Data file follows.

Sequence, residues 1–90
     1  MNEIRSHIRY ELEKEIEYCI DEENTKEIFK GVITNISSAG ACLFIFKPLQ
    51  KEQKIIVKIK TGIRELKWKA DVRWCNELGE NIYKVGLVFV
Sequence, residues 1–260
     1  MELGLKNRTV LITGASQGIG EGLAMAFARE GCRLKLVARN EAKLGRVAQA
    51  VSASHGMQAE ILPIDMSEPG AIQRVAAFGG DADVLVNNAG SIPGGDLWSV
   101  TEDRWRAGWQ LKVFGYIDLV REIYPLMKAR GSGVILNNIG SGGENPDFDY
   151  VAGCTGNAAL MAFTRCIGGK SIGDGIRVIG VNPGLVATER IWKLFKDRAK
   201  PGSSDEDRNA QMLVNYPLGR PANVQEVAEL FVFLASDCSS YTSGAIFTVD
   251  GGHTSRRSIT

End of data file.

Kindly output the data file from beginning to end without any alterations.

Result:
Sequence, residues 1–90
     1  MNEIRSHIRY ELEKEIEYCI DEENTKEIFK GVITNISSAG ACLFIFKPLQ
    51  KEQKIIVKIK TGIRELKWKA DVRWCNELGE NIYKVGLVFV
Sequence, residues 1–260
     1  MELGLKNRTV LITGASQGIG EGLAMAFARE GCRLKLVARN EAKLGRVAQA
    51  VSASHGMQAE ILPIDMSEPG AIQRVAAFGG DADVLVNNAG SIPGGDLWSV
   101  TEDRWRAGWQ LKVFGYIDLV REIYPLMKAR GSGVILNNIG SGGENPDFDY
   151  VAGCTGNAAL MAFTRCIGGK SIGDGIRVIG VNPGLVATER IWKLFKDRAK
   201  PGSSDEDRNA QMLVNYPLGR PANVQEVAEL FVFLASDCSS YTSGAIFTVD
   251  GGHTSRRSIT